Sporting Ankle Injuries

Plymouth Orthopaedic and Sports Injury Clinic

The ankle joint is very prone to injury. In fact a sprained ankle is the commonest musculoskeletal injury in the UK. In the vast majority of cases the symptoms this injury causes are relatively minor and short lived; pain and swelling can be treated with simple painkillers, anti inflammatory drugs, compression and application of ice. In a minority of cases ankle sprains can lead to persistent problems, with pain and /or instability.

In the common ankle sprain, ligaments on the outer (lateral) side of the ankle are injured. They may simply be stretched, or in more severe injury, ruptured. In severe sprains, the bones that make up the joint can impact causing damage to the lining surface (articular cartilage), and on occasions cause a small fracture of the articular cartilage and underlying bone (osteochondral fracture).

In most cases, even if ligaments are ruptured, they heal satisfactorily. If they fail to do so however, patients can experience repeat episodes of ankle instability with sprain injuries occurring frequently. Pain can be caused by the development of scar tissue in the ankle joint, osteochondral injuries or persistent instability.


Careful clinical examination and plain Xrays will allow an accurate diagnosis in many cases. MRI scanning will sometimes be required.


In the absence of identified damage within the joint a course of physiotherapy will often resolve symptoms of pain and instability. However, if symptoms fail to resolve, ankle arthroscopy (key hole surgery) permits direct inspection of the joint with appropriate treatment of any injuries.

Ankle Arthroscopy is performed by inserting a small telescope in to the joint through two small stab incisions at the front of the ankle. This is usually done as a day case procedure under a light general anaesthetic. If indicated, an unstable ankle joint can be treated at the same time, by directly tightening the damaged ligaments. This is often called a Brostrom Repair.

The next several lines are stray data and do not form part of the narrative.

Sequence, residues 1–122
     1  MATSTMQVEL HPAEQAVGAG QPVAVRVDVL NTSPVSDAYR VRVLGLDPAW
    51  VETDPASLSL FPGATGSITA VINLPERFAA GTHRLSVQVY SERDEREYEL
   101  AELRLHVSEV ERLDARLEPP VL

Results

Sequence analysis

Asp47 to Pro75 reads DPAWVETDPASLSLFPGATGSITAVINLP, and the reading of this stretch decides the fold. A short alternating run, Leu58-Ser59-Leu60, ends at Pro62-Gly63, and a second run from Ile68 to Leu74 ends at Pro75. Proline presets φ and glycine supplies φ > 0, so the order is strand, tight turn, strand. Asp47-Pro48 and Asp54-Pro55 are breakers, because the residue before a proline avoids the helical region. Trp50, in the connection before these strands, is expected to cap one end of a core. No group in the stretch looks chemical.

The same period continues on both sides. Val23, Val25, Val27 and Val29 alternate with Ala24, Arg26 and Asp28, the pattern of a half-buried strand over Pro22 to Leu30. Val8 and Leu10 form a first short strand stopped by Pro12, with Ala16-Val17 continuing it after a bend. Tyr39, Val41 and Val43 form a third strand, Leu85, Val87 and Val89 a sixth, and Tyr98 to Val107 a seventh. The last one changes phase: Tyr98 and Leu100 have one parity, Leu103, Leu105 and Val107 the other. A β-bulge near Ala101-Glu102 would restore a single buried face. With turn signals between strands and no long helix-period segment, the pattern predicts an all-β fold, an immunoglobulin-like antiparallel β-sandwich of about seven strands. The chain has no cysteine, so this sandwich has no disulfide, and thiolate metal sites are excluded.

All operations involve some risk, but this surgery is generally safe (see section on complications).

Post-operative recovery

This depends on what is found inside your ankle and what procedures are carried out. In a simple arthroscopy, early weight-bearing is possible, with swelling and discomfort resolving within two weeks. However it will take a minimum of six weeks  to return to normal. In more complex cases, you may have to limit weight bearing for up to six weeks with crutches. Following Brostrom repair, most patients need to wear an orthopaedic boot for six weeks and then require a splint for a further six weeks. Supervised rehabilitation with a physiotherapist is required and total recovery in terms of return to sports can take up to six months.

Why look into the ankle with a telescope

The ankle is a small joint where the bones are covered with a smooth shiny cartilage. The ankle is supported by ankle ligament and tendons. After an ankle fracture or a sprain, there can be scar tissue formed in the ankle joint. The joint surfaces may have become scuffed during the original injury. These problems may cause symptoms such as pain and swelling in the ankle.

The inside of the ankle can be assessed by performing and ankle arthroscopy. This means looking inside the ankle with a telescope. This is usually performed under a general anaesthetic. The telescope is inserted by making small cuts in the skin rather than making a large incision. These small cuts heal very quickly and will allow you to get back to normal sooner than using a large cut.